Diphenhydramine is the drug of choice for sleep disturbances during lactation, and short-acting benzodiazepines are preferred if their use is unavoidable. Single doses of benzodiazepines do not require any limitation of breastfeeding (Schaefer et al 2007). There is insufficient experience on the long-term effects on breastfed children as a result of ongoing therapy in their mothers. Long term use of benzodiazepines in nursing mothers could conceivably alter CNS function in the infant and should therefore be avoided, and the CSM has recommended that they should not be given to breastfeeding mothers.
Neonates, infants born prematurely, those with low birth weight, those with an unstable gastrointestinal function or who have serious illnesses may require special consideration. For any infant, if a drug is prescribed to the nursing mother, it should be at the lowest practical dose and for the shortest time. When drug administration is unavoidable and breastfeeding is to continue, minimisation of exposure of the infant to the drug may sometimes be achieved by timing the maternal doses to just after a feeding episode. Infants exposed to drugs via breast milk should be monitored for unusual signs or symptoms. Interactions between the drug received by the infant from the mother's milk and medication prescribed for the infant should also be considered, for example, when the drug given to the infant may prevent metabolism of the drug received via breast milk.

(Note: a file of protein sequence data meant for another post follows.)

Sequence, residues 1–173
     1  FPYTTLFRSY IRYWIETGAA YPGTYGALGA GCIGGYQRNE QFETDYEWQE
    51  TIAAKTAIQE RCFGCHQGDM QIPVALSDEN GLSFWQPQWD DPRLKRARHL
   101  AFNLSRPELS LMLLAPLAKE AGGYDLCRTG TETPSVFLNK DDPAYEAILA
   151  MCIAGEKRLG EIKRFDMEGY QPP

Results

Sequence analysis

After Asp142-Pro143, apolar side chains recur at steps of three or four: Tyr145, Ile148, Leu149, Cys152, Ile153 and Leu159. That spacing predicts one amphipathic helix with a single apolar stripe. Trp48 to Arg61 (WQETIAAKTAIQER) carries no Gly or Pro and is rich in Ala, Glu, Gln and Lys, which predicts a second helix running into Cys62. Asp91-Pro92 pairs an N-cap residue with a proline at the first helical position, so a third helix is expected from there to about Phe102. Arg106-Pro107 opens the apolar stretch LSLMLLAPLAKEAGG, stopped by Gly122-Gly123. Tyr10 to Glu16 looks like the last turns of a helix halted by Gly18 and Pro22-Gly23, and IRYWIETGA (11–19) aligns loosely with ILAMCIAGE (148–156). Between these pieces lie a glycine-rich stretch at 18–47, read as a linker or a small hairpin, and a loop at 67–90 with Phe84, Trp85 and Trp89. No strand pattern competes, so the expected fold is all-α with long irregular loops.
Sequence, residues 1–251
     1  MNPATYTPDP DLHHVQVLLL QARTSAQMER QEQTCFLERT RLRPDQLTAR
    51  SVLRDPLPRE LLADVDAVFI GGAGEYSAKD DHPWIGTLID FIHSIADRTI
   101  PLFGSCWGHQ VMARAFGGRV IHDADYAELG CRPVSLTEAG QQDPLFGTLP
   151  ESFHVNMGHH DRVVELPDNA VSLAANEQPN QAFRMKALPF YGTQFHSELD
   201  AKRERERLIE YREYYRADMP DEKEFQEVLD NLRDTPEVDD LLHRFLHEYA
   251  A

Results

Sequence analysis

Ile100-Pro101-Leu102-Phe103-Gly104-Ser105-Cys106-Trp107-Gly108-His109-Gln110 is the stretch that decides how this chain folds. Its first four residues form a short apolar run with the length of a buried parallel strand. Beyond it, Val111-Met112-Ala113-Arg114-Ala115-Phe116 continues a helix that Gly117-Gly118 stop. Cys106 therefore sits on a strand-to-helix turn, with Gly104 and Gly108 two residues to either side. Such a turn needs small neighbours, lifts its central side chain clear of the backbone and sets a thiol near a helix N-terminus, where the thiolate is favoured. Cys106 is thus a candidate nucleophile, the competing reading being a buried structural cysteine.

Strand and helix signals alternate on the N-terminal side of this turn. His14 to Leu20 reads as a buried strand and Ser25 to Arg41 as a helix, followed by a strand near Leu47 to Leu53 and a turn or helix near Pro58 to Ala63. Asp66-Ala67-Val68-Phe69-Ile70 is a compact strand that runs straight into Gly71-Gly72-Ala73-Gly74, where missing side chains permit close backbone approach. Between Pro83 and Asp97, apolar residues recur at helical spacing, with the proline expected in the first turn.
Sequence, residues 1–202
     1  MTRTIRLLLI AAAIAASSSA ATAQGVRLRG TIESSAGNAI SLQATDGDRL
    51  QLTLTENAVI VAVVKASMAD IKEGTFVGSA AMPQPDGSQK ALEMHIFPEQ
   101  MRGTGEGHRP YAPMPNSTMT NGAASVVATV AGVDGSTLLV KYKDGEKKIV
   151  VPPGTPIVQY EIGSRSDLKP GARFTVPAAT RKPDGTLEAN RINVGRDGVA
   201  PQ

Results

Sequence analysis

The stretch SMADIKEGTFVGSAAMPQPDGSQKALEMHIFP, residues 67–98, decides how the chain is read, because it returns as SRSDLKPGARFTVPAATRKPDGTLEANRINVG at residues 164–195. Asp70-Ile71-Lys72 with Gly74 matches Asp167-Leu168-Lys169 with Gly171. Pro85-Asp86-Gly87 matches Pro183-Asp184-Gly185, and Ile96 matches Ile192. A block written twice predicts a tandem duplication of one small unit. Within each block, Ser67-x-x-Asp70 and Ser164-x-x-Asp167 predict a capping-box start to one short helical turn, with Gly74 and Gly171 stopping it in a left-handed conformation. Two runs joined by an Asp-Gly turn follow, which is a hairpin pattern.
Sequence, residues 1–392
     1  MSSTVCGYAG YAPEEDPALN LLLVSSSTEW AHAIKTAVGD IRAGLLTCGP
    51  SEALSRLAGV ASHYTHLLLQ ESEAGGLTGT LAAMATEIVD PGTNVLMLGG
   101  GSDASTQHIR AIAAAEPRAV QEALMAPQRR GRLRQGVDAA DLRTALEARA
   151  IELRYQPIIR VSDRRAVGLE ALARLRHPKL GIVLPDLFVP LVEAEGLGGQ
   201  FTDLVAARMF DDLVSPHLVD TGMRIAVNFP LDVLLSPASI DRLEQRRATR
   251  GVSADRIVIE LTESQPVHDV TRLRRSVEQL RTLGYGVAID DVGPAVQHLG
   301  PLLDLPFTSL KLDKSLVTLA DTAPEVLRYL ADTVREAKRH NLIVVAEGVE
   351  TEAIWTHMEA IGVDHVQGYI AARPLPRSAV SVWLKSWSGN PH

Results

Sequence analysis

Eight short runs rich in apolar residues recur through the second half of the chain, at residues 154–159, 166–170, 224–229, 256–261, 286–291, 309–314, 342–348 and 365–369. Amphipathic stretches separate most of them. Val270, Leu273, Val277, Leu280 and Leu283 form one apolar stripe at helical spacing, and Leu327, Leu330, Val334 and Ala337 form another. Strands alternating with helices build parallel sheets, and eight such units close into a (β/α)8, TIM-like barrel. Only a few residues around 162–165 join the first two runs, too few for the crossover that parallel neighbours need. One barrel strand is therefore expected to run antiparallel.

Specialist advice is available from the UK Drugs in Lactation Advisory Service at https://www.midlandsmedicines.nhs.uk/content.asp?section=6&subsection=17&pageIdx=1
Drug excreted in breast milk? - Yes
Considered suitable or recommended by manufacturer? - No, contraindicated.
UK Drugs in Lactation Advisory Service Classification - High doses equivalent to > 10 mg diazepam daily carry a minor level of risk of side effects. Low doses (equiv. < 10mg diazepam daily) give very low levels in infants and are considered safe. (5 mg of Nitrazepam is equiv. to 5 mg of Diazepam for example.)
Drug substance licensed in infants? - No
Effects on Ability to Drive and Operate Machinery
This class of medicine is in the list of drugs included in regulations under 5a of the Road Traffic Act 1988 (England and Wales). When prescribing this medicine: Advise patient the medicine can affect cognitive function and is likely to affect ability to drive. Advise patient not to drive until they know how the medicine affects them.
Advise patients not to drive or operate machinery if affected by sedation, amnesia, impaired concentration or impaired muscle function.
Advise patients that impairment may be intensified by alcohol.
Advise patients of childbearing potential to contact their doctor if they intend to become or suspect they are pregnant.
Drowsiness and light-headedness (next day)
Increased hostility and aggression (paradoxical)
Changes in libido
Pre-existing depression may be unmasked
Disturbances in attention